Its been nine long years but I can finally announce the release of my book, Middle Time.
I first saw Hampi by moonlight, the outer battlements of the city wall glimmering, and their enchantment slithered into my subconscious, unfurled and remains to this day. The next day, sitting in the Queen’s Bath, I slipped back in time and Achale danced before me, out of the keys, onto the page. While Achale remained a part of me, I heard the first faint whispers of her story only when I read about the strange case of the boy-saint, a widow’s son who came out of the temple pond with his sacred thread, in the colonial gazetteer.
‘Middle Time’, of which Achale is the protagonist, is a historical mystery with a contemporary twist. It is the story of a woman’s search for love- a mystery, and a comment on social mores.
Alternating between contemporary Chennai and the UNESCO heritage site of Hampi, the character’s lives play out against the backdrop of territorial battles, communal tensions and the compromises individuals have to make when they want to get ahead in a climate of competing interests and rigid social stratification.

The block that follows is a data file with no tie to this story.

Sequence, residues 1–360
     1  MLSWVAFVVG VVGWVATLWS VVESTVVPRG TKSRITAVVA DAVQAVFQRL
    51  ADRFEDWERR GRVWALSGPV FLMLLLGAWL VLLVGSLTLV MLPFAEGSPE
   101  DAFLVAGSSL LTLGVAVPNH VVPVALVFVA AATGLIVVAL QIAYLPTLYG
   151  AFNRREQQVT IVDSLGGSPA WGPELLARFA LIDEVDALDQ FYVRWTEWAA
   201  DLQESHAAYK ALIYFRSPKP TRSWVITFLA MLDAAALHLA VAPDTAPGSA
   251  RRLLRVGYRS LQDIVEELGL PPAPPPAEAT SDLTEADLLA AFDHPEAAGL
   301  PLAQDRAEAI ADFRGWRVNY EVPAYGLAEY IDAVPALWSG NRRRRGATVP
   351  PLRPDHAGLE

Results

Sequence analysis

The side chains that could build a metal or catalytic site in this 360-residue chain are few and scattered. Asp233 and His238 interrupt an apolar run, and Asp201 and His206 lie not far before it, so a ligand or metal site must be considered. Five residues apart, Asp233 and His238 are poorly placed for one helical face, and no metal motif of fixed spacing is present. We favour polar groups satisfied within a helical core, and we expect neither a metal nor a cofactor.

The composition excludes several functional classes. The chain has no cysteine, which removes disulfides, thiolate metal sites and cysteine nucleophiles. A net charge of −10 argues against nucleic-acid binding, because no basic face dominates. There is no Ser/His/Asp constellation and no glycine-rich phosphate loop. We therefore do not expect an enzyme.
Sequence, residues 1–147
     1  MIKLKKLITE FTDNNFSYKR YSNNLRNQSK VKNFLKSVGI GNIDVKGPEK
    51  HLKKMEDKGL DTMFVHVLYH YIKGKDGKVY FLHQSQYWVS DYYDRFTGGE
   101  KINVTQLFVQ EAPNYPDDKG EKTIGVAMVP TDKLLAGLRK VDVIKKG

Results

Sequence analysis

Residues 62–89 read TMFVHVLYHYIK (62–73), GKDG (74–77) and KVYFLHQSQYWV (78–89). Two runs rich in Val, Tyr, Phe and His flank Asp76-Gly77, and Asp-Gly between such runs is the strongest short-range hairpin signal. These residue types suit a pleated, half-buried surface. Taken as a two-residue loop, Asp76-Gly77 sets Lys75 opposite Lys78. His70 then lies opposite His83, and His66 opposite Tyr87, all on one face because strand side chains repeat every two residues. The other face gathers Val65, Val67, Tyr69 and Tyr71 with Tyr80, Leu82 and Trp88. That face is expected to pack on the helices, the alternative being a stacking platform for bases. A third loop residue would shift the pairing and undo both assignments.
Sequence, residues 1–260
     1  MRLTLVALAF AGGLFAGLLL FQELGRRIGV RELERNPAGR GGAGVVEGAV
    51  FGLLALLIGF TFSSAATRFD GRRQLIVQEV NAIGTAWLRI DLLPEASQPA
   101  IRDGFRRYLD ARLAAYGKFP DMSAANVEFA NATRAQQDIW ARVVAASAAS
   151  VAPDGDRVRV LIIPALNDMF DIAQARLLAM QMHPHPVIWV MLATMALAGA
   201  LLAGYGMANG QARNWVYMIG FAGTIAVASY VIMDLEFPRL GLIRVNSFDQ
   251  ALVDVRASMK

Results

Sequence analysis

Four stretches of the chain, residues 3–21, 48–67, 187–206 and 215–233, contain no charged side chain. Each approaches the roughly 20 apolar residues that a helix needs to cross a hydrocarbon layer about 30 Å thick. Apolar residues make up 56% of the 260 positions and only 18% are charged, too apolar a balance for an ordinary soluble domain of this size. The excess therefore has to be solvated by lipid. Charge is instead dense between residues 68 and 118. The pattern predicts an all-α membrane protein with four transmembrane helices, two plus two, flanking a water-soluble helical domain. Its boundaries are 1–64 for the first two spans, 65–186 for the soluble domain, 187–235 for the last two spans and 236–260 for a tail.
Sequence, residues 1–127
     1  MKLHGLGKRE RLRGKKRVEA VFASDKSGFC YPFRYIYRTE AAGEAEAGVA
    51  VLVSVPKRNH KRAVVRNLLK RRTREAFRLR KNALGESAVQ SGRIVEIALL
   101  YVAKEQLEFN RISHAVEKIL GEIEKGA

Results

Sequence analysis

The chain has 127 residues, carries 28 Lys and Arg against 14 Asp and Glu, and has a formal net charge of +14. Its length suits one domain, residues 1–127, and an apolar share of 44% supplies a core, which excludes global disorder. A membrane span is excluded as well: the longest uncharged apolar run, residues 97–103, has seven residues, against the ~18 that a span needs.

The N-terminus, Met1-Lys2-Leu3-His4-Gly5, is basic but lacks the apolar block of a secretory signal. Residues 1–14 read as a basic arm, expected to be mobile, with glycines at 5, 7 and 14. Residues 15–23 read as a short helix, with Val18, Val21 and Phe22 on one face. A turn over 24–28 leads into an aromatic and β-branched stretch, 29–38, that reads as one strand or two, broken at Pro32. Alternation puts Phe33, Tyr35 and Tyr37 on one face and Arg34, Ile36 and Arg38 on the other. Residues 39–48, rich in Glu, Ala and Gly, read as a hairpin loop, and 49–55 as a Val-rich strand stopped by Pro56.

The story goes like this:
Maya, a lawyer in Chennai, India, in 1996, while going through the papers of her client Tulsi, who has died under mysterious circumstances at a dance school, discovers a moth-eaten old paperback which transports her back in time.
Maya follows the struggle of Achale the devadasi to uncover the truth behind the murder of Tulasi, a widow who had been excommunicated when she had a son, more than a year after her husband’s death, in 1536 in Hampi, Vijayanagara.
Maya has to answer a number of questions as she struggles to solve both the mysteries not least being-is there a connection between the two deaths?
Join Maya and Achale as they race to uncover a dangerous enemy when Middle Time releases……